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Kamal Uddin Mazumder

January 30th, 2023

The ‘Sri Lanka’ Syndrome: Lessons for Bangladesh and South Asia

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Estimated reading time: 10 minutes

Kamal Uddin Mazumder

January 30th, 2023

The ‘Sri Lanka’ Syndrome: Lessons for Bangladesh and South Asia

0 comments | 5 shares

Estimated reading time: 10 minutes

The dramatic collapse of Sri Lanka’s economy in 2021 and the attendant misery it has wrought for her citizens has alerted other countries in the region, as well as international observers, to the possibility of such developments in other countries as well. In this cautionary post, Kamal Uddin Mazumder presents a comparative view, with Bangladesh in focus.


With global inflation rising and the fear of fuel and food crisis looming large, clouds are gathering over the economic horizon of South Asian countries. The Covid–19 pandemic, followed by the Russia–Ukraine war, have disrupted the global economy and trade, which has shaken Europe as well as South Asia. Meanwhile, Sri Lanka’s financial and political crisis reached a critical point last year, driven by the country’s mix of high debt, soaring inflation, and poor economic management. Worryingly, the global headwinds — rising inflation and interest rate, depreciating currencies, high levels of debt and dwindling foreign currency reserves, have pushed several other nations to the brink of economic collapse, leading crisis experts to raise an important question: which South Asian country is likely to go the Sri Lankan way?

The Tragedy of the Lankan Disaster

In Sri Lanka, inflation soared to almost 54 per cent, with the price of food being almost 80 per cent higher than a year ago; until recently, 22 million people of the island nation faced an acute shortage of fuel, food, and medicine as it battled a foreign exchange crisis; schools, public transport and businesses had to be shut down. The Lankan rupee has slumped dramatically in value against the US dollar.

As hundreds of thousands of anti-government protesters occupied/stormed/seized the Presidential Palace and torched the Prime Minister’s home last year, President Gotabaya Rajapaksa flew to the Maldives and then to Singapore to escape a popular uprising against his government, and was forced to resign as President. A national emergency was declared, and a curfew was imposed in the Western Province to stabilise the situation. In Rajapaksa’s resignation letter, he indicated Sri Lanka’s years of poor economic management caused by initiating largescale mega projects based on foreign loans, reduction of remittance through legal channels, the negative impact of the Covid–19 pandemic on tourism and a plethora of other factors that contributed to this ill fate.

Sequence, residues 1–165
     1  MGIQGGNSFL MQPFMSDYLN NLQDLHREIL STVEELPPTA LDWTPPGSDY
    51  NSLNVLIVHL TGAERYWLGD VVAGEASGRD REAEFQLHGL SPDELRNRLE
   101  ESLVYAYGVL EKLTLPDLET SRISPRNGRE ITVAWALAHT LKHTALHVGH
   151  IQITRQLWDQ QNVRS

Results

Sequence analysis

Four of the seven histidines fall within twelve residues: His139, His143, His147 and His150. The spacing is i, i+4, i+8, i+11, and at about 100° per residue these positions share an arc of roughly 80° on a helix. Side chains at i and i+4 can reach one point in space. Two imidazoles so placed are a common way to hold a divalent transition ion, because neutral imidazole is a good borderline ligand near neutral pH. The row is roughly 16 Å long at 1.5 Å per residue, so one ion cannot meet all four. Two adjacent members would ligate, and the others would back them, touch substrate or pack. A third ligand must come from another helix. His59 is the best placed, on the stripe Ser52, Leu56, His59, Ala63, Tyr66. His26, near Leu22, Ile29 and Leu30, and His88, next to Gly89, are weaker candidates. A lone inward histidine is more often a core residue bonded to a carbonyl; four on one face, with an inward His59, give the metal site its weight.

A Cautionary Tale for South Asia

Once upon a time, Sri Lanka was projected to become the Singapore of South Asia; it became the first country in the Asia–Pacific region in 20 years to default on foreign debt.

Pakistan is on the brink of a balance of payments crisis, with billions owed to international creditors. The country is facing huge debt amid depleting foreign currency reserves and soaring inflation. Its foreign currency reserves have plunged to just over US$ 9 million recently, hardly enough for few weeks of imports, while at one point last year the Pakistani rupee touched a record of about PKR 233 to the US Dollar. On the other hand, amid the heavy energy crisis in Pakistan and subsequent suspension of gas supply, 400 textile mills have been closed leading to shocks in the export sector.

The most concerning issue is that the Shehbaz Sharif government has decided to sell national assets to foreign countries without any checks in a desperate attempt to prevent the country from debt default, raising concerns of transparency. Pakistan’s new government, which narrowly averted a debt default, also struck a crucial IMF deal to resume a bailout programme, a way that offers economic pain relief but no panacea because true economic revival is threatened by poor policy decisions as well as the volatile political system, similar to Sri Lanka.

Thus, the public may lose patience and take to the streets at any time against the government’s unpopular steps, leading the country up the Sri Lanka pathway.

Source: Data collated by author for 2022 from Bangladesh Bureau of Statistics, Bangladesh Bank, International Monetary Fund and World Bank data reports.

Like Sri Lanka, the Maldivian economy is heavily reliant on tourism — which suffered a big blow after the outbreak of the Covid–19 pandemic. Like Sri Lanka and Pakistan, Maldives is indebted to heavy loans and investments from foreign nations, especially China, and facing low foreign currency reserves. Its public debt is already on the red line,  and is now well above 100 per cent of its GDP. US investment bank JPMorgan has warned that the country is at risk of defaulting on its debts by the end of 2023. Economic rationality instead of political interests should be given priority to stave off anypotential economic meltdown, like in Sri Lanka.

Panic has gripped Nepal over the growing likelihood of a Sri Lanka-type economic collapse after the country saw a rise in imports even as its foreign exchange reserves have shrunk sharply and inflation has soared. Moreover, foreign debt has escalated as the country continues to sign up for more and more Chinese-funded infrastructure projects in its Covid–19 pandemic battered economy. The Himalayan nation is also facing a liquidity crunch and, as a result, banks and other financial institutions are struggling to extend loans to productive sectors like the agriculture, tourism, manufacturing and energy sectors. Nepal’s trade deficit is ever-increasing, and now leading to import shocks. There is therefore no reason to disregard the suspicions that Nepal will not meet Sri Lanka’s fate in time if the government continues to ignore warning signs.